1,25-dihydroxyvitamin D(3)-independent stimulatory effect of estrogen on the expression of ECaC1 in the kidney.
SourceJournal of the American Society of Nephrology, 13, 8, (2002), pp. 2102-2109
Article / Letter to editor
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Journal of the American Society of Nephrology
SubjectRegulation of salt and water reabsorption in the renal collecting duct; Regulatie water en zouttransport in de verzamelbuis van de nier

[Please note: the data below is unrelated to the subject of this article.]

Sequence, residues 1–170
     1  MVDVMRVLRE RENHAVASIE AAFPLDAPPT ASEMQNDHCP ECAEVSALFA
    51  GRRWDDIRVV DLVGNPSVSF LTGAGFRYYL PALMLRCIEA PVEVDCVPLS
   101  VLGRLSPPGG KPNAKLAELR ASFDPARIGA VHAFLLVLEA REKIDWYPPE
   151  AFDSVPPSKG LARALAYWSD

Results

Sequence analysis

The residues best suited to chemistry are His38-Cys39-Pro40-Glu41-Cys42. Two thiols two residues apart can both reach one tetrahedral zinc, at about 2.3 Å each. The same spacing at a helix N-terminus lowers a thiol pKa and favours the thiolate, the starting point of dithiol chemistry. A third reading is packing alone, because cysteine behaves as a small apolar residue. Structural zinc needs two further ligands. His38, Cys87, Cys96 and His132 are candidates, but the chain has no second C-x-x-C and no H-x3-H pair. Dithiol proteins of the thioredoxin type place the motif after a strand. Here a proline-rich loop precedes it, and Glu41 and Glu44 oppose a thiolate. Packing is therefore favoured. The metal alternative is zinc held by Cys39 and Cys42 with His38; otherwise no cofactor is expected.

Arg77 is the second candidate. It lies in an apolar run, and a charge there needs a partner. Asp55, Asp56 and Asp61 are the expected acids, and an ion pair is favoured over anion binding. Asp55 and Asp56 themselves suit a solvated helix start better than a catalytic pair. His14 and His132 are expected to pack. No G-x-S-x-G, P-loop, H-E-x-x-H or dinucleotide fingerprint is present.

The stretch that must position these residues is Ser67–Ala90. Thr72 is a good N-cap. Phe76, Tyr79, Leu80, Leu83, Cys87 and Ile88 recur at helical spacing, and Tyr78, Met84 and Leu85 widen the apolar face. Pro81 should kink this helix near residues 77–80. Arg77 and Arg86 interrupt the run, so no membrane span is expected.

Estrogen deficiency results in a negative Ca(2+) balance and bone loss in postmenopausal women. In addition to bone, the intestine and kidney are potential sites for estrogen action and are involved in Ca(2+) handling and regulation. The epithelial Ca(2+) channel ECaC1 (or TRPV5) is the entry channel involved in active Ca(2+) transport. Ca(2+) entry is followed by cytosolic diffusion, facilitated by calbindin-D(28K) and/or calbindin-D(9k), and active extrusion across the basolateral membrane by the Na(+)/Ca(2+)-exchanger (NCX1) and plasma membrane Ca(2+)-ATPase (PMCA1b). In this transcellular Ca(2+) transport, ECaC1 probably represents the final regulatory target for hormonal control. The aim of this study was to determine whether 17beta-estradiol (17beta-E(2)) is involved in Ca(2+) reabsorption via regulation of the expression of ECaC1. The ovariectomized rat model was used to investigate the regulation of ECaC1, at the mRNA and protein levels, by 17beta-E(2) replacement therapy. Using real-time quantitative PCR and immunohistochemical analyses, this study demonstrated that 17beta-E(2) treatment at pharmacologic doses increased renal mRNA levels of ECaC1, calbindin-D(28K), NCX1, and PMCA1b and increased the protein abundance of ECaC1. Furthermore, the involvement of 1,25-dihydroxyvitamin D(3) in the effects of 17beta-E(2) was examined in 25-hydroxyvitamin D(3)-1alpha-hydroxylase-knockout mice. Renal mRNA expression of calbindin-D(9K), calbindin-D(28K), NCX1, and PMCA1b was not significantly altered after 17beta-E(2) treatment. In contrast, ECaC1 mRNA and protein levels were both significantly upregulated. Moreover, 17beta-E(2) treatment partially restored serum Ca(2+) levels, from 1.63 +/- 0.06 to 2.03 +/- 0.12 mM. In conclusion, this study suggests that 17beta-E(2) is positively involved in renal Ca(2+) reabsorption via the upregulation of ECaC1, an effect independent of 1,25-dihydroxyvitamin D(3).
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